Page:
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NY Appellate Court Hears Cross Appeals in Dog Bite Case


The respondents and appellants of the case are the infant Brent Seybolt who is represented by Fred Seybolt his parent. Fred Seybolt is also a respondent/appellant individually in the case. The appellants and respondents of the case are Daniel Wheeler, et al. The case is being heard in the Third Department of the Appellate Division of the Supreme Court of the State of New York. The judge over seeing the case is Judge Mercure.

This case involves cross appeals that come from an order that was made by the Supreme Court. The Judge in the previous case was Judge Nolan Jr. The original case took place in Saratoga County and was entered on the 14th of December, 2006. The order in the case was a partial denial of the cross motion for summary judgment made by the defendant to dismiss the case.

Case Background

The son of the plaintiff, Brent was frequently a guest at the home of Daniel Wheeler and Colleen Wheeler, the defendants. In July of 2003, Brent was attacked by the dog owned by the defendants. The incident occurred when Brent along with Daniel Wheeler tried to throw Wheeler’s young daughter into the pool. The dog knocked Brent down and proceeded to bite him on the side of the face near his eye. The injury required a nine day stay in the hospital as well as several surgeries since that time. Brent still has issues with the eye, including seeing “double” in his peripheral vision and abnormal swelling around the eye.

The plaintiffs began this action both individually and on the behalf of Brent against the defendants and the owner of the defendant’s home to recover the damages that came from the dog bite. The plaintiffs motioned for a partial summary judgment in the issue of liability. The defendants and their landlord made a cross motion for summary judgment to have the case dismissed. The basis for summary judgment on behalf of the defendants is that they stated they had no knowledge of the dog’s violent tendencies.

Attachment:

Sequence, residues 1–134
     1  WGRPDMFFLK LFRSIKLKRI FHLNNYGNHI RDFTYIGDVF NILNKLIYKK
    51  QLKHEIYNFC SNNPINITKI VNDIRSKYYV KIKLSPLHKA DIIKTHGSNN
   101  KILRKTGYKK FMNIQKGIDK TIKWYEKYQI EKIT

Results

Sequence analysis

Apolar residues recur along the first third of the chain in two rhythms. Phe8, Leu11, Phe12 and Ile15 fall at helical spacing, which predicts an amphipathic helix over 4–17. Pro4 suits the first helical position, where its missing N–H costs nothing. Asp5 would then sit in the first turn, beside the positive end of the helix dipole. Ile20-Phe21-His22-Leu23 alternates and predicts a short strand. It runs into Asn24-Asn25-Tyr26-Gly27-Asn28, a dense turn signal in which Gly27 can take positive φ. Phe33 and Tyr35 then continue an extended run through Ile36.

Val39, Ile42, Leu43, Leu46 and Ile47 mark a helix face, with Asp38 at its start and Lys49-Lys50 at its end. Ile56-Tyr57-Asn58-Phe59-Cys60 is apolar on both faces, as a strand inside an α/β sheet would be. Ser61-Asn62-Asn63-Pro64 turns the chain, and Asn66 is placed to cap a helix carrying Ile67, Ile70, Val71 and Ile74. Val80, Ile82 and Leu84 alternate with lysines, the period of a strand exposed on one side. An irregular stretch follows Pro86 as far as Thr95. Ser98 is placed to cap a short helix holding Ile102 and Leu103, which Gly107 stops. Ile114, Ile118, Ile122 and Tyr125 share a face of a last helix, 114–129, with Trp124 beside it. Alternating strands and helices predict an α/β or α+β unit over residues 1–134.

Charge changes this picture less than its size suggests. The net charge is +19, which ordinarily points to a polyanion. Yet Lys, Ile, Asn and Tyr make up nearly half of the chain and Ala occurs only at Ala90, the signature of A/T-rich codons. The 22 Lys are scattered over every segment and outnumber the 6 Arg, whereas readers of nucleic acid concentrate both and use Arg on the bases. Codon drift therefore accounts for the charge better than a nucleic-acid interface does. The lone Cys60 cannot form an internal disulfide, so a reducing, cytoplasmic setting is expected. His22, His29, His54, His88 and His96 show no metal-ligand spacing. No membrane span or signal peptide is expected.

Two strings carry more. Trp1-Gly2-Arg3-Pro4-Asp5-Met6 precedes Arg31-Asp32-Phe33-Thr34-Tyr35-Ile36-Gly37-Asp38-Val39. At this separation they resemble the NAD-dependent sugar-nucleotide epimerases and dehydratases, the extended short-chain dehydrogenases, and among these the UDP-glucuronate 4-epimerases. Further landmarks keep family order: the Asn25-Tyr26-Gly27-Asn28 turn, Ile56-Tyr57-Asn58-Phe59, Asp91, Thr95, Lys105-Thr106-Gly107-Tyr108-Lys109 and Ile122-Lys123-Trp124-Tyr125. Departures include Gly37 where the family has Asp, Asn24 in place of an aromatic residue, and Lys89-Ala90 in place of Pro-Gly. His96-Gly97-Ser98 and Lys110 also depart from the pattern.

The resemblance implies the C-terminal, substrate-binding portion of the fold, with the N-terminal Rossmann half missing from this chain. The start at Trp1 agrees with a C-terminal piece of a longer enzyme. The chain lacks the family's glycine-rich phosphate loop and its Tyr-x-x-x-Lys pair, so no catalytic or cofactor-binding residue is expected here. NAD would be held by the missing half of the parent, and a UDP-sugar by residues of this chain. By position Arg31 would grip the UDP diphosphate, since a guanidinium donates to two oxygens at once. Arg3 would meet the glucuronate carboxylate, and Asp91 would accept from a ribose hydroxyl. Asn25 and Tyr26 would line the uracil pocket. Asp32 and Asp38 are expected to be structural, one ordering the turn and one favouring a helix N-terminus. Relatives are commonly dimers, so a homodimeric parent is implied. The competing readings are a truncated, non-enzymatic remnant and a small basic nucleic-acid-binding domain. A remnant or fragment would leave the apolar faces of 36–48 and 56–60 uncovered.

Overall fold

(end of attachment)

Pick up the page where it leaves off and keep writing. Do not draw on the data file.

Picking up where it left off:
The court dismissed the case against the landlords, but denied the other motions of the case. The reasons given by the previous court were that there were questions about whether or not the defendants had knowledge of the dog’s alleged violent propensities. The plaintiffs and the defendants have made cross appeals based on the denial of their motions.

Court Discussion and Decision

To support the ruling for summary judgment in the case of liability, the plaintiffs have introduced an affidavit from the veterinarian of the dog in question. This affidavit states that the “patient is aggressive” in reference to the defendants dog. The records from the vet also show that Daniel Wheeler had sought a behavioral consultation for the dog after the dog had shown aggressive behavior towards a neighbor.

The defendants state that the dog was aggressive at the Vet’s office because of the cats that roamed freely there. They state that the incident with the neighbor was a one time occurrence that was caused by the neighbor chasing him with a bat or a stick.

Both parties have provided evidence to meet the initial burden for summary judgment. However, there are still triable issues of fact in this case in regard to the vicious tendencies of the dog. For this reason, the previous judgments are affirmed.


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